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Expand chart
Data: AARP; Chart: Will Chase/Axios

Only slightly more than half of nursing home staff and about 78% of residents across the country have been fully vaccinated against the coronavirus, according to an AARP analysis.

Why it matters: The virus is continuing to spread among unvaccinated people, and unvaccinated nursing home residents are still at very high risk of severe infections or death.

Between the lines: "There is a strong relationship between vaccination rates of staff and vaccination rates of residents. This means that in states where the vaccination rate of staff is low, there are also more unvaccinated residents who are vulnerable to a resurgence of the virus," AARP writes.

  • As of mid-June, only one in five facilities had vaccinated at least 75% of their staff.

What we're watching: Calls for mandatory vaccinations for health care workers are growing.

  • "No vulnerable, immunocompromised patient — older adults, cancer and transplant patients, individuals with HIV/AIDS, and others — trying to beat their disease should have to worry that the people caring for them may be asymptomatic carriers of Covid-19," a trio of University of Pennsylvania academics argued this week in STAT.
  • "Mandating vaccination isn’t just the right thing to do, it’s also the ethical thing to do."

Go deeper

NYC schools prepare for staffing shortages ahead of vaccine mandate deadline

Students are dismissed from the first day of school at PS 133 in the Brooklyn borough of New York on Sept. 13, 2021. Photo: Michael Nagle/Xinhua via Getty Images

Teachers and workers at New York City schools have until Monday to receive their COVID-19 vaccine before the city's mandate takes effect, prompting concerns over staffing shortages in schools across the city, ABC 7 reports.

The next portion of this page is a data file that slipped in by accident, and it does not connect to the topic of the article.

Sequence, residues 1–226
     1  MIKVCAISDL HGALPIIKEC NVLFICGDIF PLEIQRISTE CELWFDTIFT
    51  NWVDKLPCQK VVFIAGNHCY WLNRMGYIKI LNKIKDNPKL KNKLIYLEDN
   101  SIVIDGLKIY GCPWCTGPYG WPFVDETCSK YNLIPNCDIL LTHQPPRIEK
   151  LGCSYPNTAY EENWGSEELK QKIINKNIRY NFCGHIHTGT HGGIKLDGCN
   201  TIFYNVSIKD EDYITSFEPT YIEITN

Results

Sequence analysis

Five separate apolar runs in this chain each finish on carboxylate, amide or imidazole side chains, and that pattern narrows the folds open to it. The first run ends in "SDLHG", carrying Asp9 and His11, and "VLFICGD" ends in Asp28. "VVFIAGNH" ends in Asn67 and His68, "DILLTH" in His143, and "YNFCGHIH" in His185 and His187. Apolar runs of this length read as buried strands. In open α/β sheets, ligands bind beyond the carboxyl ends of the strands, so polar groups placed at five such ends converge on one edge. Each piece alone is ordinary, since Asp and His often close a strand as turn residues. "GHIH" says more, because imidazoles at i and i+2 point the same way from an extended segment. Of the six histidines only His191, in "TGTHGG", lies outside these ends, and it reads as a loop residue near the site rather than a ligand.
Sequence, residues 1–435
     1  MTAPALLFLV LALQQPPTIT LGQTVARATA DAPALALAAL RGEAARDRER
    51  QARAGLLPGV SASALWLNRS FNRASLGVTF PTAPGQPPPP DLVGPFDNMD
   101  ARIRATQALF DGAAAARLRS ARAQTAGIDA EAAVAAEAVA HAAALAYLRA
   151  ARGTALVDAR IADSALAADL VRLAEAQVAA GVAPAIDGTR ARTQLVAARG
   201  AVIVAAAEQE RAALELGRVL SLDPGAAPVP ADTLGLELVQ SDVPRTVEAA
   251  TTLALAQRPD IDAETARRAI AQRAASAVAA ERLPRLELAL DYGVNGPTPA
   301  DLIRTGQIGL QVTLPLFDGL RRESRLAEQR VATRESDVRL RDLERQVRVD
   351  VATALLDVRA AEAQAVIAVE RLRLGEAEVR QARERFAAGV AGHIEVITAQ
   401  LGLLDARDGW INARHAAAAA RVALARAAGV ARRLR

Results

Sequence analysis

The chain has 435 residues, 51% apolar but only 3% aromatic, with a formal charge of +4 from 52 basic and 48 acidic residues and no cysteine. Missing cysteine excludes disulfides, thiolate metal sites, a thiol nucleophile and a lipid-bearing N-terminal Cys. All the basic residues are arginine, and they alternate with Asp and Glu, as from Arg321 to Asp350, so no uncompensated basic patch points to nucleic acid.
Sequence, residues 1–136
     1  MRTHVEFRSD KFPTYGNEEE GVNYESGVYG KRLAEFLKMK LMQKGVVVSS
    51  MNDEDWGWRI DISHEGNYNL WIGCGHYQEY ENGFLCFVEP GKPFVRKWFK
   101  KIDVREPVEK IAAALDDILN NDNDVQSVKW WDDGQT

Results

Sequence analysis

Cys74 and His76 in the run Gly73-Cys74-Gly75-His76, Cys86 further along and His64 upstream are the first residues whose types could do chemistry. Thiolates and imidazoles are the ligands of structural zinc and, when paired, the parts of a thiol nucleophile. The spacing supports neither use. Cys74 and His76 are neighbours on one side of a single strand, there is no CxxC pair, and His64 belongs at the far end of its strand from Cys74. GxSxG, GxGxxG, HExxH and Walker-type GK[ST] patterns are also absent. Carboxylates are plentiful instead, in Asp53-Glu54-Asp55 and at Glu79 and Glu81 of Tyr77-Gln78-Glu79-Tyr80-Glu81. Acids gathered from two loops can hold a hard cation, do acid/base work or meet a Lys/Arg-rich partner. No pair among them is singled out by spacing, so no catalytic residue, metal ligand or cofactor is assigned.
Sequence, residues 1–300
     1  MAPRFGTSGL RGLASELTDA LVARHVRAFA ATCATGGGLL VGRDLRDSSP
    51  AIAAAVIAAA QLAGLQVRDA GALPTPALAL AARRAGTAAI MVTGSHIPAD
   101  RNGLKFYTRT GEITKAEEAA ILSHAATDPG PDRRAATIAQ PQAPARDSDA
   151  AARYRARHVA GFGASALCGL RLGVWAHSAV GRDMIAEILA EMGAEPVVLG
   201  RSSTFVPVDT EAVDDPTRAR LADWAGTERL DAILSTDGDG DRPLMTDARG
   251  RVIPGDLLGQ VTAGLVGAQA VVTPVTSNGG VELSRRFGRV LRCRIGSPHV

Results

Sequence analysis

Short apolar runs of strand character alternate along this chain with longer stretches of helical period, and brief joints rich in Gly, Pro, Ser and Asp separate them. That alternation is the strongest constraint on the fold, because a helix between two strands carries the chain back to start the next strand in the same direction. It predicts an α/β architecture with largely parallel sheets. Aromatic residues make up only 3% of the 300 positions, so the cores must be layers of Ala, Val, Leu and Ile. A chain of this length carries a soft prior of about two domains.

Why it matters: About 6,000 teachers remain unvaccinated as the mandate's deadline looms, the New York Times reports.

Sep 25, 2021 - Health

Montana VA medical center to treat non-veterans amid COVID surge

Billings Clinic in Billings, Montana, on Nov. 11, 2020. Photo: Lynn Donaldson/Bloomberg via Getty Images

A veterans medical facility in Montana is planning to accept non-eligible patients as a COVID-19 surge overwhelms nearby hospitals in the state, CNN reports.

Why it matters: The move underscores the dire health situation in Montana due to the latest COVID-19 case surge, where some hospitals in the state have started to consider rationing care, according to the Montana Free Press.

Sep 26, 2021 - Health

U.S. has enough COVID vaccines to meet demand for kids, boosters

A 12-year-old receives the first dose of the Pfiizer vaccine. Photo: Mel Melcon / Los Angeles Times via Getty Images

The U.S. COVID-19 vaccine supply is large enough to meet the rise in demand prompted by the approval of booster shots and the imminent authorization of vaccines for younger children, AP reported.

Driving the news: Last week, the Food and Drug Administration approved Pfizer-BioNTech coronavirus booster shots for people over 65 or at risk of developing severe COVID-19.